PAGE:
Women also demanded the right to participate in the market revolution. At an 1851 women’s rights convention, the black abolitionist Sojourner Truth insisted that the movement devote attention to the plight of poor and working-class women and repudiate the idea that women were too delicate to engage in work outside the home. Born a slave in New York State around 1799, Truth did not obtain her freedom until the state’s emancipation law of 1827. A listener at her 1851 speech (which was not recorded at the time) later recalled that Truth had spoken of her years of hard physical labor, had flexed her arm to show her strength, and exclaimed, “and aren’t I a woman?”

Woman’s Emancipation, a satirical engraving from Harper’s Monthly, August 1851, illustrating the much-ridiculed “Bloomer” costume.

Although those who convened at Seneca Falls were predominantly from the middle class—no representatives of the growing number of “factory girls” and domestic servants took part—the participants rejected the identification of the home as the women’s “sphere.” Women, wrote Pauline Davis in 1853, “must go to world’ to emancipate themselves from “bondage.” During the 1850s, some feminists tried to popularize a new style of dress, devised by Amelia Bloomer, consisting of a loose-fitting tunic and trousers. In her autobiography, published in 1898, Elizabeth Cady Stanton recalled that women who adopted Bloomer’s attire were ridiculed by the press and insulted by “crowds of boys in the streets.” They found that “the physical freedom enjoyed did not compensate for the persistent persecution and petty annoyances suffered at every turn.” The target of innumerable male jokes, the “bloomer” costume attempted to make a serious point—that the long dresses, tight corsets, and numerous petticoats considered to be appropriate female attire were so confining that they made it almost impossible for women to claim a place in the public sphere or to work outside the home.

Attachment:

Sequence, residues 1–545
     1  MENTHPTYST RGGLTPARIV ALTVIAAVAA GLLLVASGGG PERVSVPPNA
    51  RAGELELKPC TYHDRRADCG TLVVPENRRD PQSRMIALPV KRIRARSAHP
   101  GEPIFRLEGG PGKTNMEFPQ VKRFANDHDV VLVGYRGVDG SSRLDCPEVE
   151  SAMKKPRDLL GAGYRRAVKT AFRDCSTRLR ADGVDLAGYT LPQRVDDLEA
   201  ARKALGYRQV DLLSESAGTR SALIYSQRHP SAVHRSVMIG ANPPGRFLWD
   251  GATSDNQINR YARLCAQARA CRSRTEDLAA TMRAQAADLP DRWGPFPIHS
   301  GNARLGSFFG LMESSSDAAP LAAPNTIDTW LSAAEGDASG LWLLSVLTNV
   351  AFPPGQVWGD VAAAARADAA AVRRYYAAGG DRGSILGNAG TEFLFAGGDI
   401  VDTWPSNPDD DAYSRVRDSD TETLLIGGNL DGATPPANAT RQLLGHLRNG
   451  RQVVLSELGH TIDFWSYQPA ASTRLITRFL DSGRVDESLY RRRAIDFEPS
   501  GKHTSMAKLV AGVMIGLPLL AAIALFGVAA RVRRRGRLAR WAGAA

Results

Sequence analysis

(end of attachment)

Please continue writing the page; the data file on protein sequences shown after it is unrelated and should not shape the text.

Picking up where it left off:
Am I Not a Woman and a Sister?, an illustration from The Liberator, 1849. Identifying with the plight of the female slave enabled free women to see more clearly the inequalities they themselves faced.

In one sense, feminism demanded an expansion of the boundaries of freedom rather than a redefinition of the idea. Women, in the words of one reformer, should enjoy “the rights and liberties that every ‘free white male citizen’ takes to himself as God-given.” But even as it sought to apply prevailing notions of freedom to women, the movement posed a fundamental challenge to some of society’s central beliefs—that the capacity for independence and rationality were male traits, that the world was properly divided into public and private realms, and that issues of justice and freedom did not apply to relations within the family. In every realm of life, including the inner workings of the family, declared Elizabeth Cady Stanton, there could be “no happiness without freedom.”

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